The Homebrew Computer Club / Amateur Computer Users Group Newsletter [Issues 1, 2, 4, 5, 6]. Computer history, Fred Moore.
The Homebrew Computer Club / Amateur Computer Users Group Newsletter [Issues 1, 2, 4, 5, 6].
The Homebrew Computer Club / Amateur Computer Users Group Newsletter [Issues 1, 2, 4, 5, 6].
The Homebrew Computer Club / Amateur Computer Users Group Newsletter [Issues 1, 2, 4, 5, 6].

The Homebrew Computer Club / Amateur Computer Users Group Newsletter [Issues 1, 2, 4, 5, 6].

1975. Menlo Park, CA: March-August 1975.

5 issues, Xeroxed. Issues 1, 2, 4, and 5 on letter sheets stapled in the top right corner. (1: 3pp. on 3 sheets. 2: 7pp. on 4 sheets. 4: 4pp. on 2 sheets. 5: 6pp. on 3 sheets.) Issue 6 is 8pp. on two folded sheets. Each issue stamped and addressed to member John Neves on verso of last page. Expected mailing folds, occasional notes, underlinings, and coffee stains, very good.

§ A founding document of the Information Age, the legendary Homebrew Computer Club Newsletter. Volume 1, Issues 1-6 (lacking issue 3), each issue addressed to club member John Neves. All issues are extremely rare: this series includes the only recorded complete copy of issue 1.

The Homebrew Computer Club was the first and most important meeting place of the people who invented personal computing. The first amateur computer club in the Bay Area, it became the clearinghouse for new ideas, a “swap meet” for code and for hardware, and a place to meet collaborators. "The open exchange of ideas that went on at its biweekly meetings did as much as anything to jump start the entire personal-computing revolution. It was the crucible for an entire industry." (Harry McCracken, Time Magazine, Nov 12, 2013). Dozens of pioneering personal computer companies, including Apple Computer, grew out of the small Homebrew community.

Issue 1 records the first meeting of the club held in the Menlo Park garage of Gordon French on March 5, 1971, and lists the names and addresses of the 32 founding members including Fred Moore, Steve Wozniak, and Robert Marsh. (Attendees at that first meeting were asked "What will people do with a computer in their home? Issue 1 records some of their replies.) By Issue 6, just five months after club's first meeting, the new editor Robert Reiling celebrates a mailing list roster of almost 300 people.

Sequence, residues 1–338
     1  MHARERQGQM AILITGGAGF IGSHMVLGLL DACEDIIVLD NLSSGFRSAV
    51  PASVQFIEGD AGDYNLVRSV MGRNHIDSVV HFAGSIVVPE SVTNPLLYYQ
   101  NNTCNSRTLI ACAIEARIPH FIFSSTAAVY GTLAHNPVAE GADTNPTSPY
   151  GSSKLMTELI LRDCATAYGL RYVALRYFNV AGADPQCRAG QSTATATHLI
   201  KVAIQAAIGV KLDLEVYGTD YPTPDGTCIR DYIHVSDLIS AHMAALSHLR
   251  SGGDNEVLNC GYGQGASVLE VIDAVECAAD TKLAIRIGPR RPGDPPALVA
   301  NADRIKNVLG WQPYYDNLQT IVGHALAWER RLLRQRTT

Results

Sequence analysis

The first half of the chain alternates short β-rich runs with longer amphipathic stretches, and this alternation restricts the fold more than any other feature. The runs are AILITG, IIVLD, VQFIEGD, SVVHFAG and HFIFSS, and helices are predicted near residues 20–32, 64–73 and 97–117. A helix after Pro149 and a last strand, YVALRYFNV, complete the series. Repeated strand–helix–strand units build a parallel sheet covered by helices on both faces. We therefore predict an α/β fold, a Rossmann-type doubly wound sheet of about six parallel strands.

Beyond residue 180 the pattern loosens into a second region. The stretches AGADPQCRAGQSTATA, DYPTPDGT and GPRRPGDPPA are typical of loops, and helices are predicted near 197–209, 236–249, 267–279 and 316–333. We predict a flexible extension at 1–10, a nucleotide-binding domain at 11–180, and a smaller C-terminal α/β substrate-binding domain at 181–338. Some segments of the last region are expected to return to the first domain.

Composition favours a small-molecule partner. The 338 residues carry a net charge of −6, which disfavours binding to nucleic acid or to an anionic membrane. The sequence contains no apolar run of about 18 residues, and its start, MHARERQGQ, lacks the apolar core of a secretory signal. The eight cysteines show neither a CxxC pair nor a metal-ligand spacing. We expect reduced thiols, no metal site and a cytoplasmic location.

The newsletter played a crucial role connecting members and disseminating ideas. Distributed for free, it reported the lively conversations at meetings, described breakthroughs and inventions (Jobs debuted the prototype of Apple-1 at the club in July 1976), and provided a platform for debate (Bill Gates's famous "Open Letter to Hobbyists" was published in the newsletter in 1976). Local resources were listed and the names, contact details, and interests of members were shared. Advertisements placed by members for each other, seeking software, hardware, and collaborators, reveal the creativity, the openness, and the sheer energy of these early players in the game to change the world.

Cheaply produced and ephemeral by nature, it is unclear how many members thought to preserve their copies. These early issues, produced in small quantities, appear to have almost vanished. (A “Treasury” item in issue #1 records that $4.00 was spent on postage for issue #1. Since the stamp on the newsletter was for 10c, it suggests just 40 copies were mailed.)

No copy of any issue is recorded for sale or at auction. No complete copy of issue 1 recorded anywhere. Worldcat lists issues at only two institutions: Stanford University's Silicon Valley Ephemera Collection contains issues published between 1976-1987, but none from 1975; Stanford’s Lisa Loop Papers may contain earlier issues but they are not detailed in the finding aid. The University of Minnesota’s Babbage Institute holds a long but very incomplete series of issues, the earliest being issue 6. To Stanford and Minnesota can be added the Computer History Museum in Mountain View, CA, which holds all ten issues of Vol.1 (1975), including the only recorded copy of issue 1 - unfortunately it lacks 2 of the 3 pages.

A newsletter that changed the world. Its influence is impossible to overstate.

"The Homebrew Computer Club was the most important event of my life. I lived for it... I always tried to get the next stage of my computer done by the meeting. And I don't think I ever failed to do so... it was the most important thing happening in the world. It was like a revolution that I'd never seen. You read about technological revolutions, the Industrial Revolution, and here was one of those sorts of things happening and I was a part of it." - Steve Wozniak. Item #124618

Price: $150,000.00

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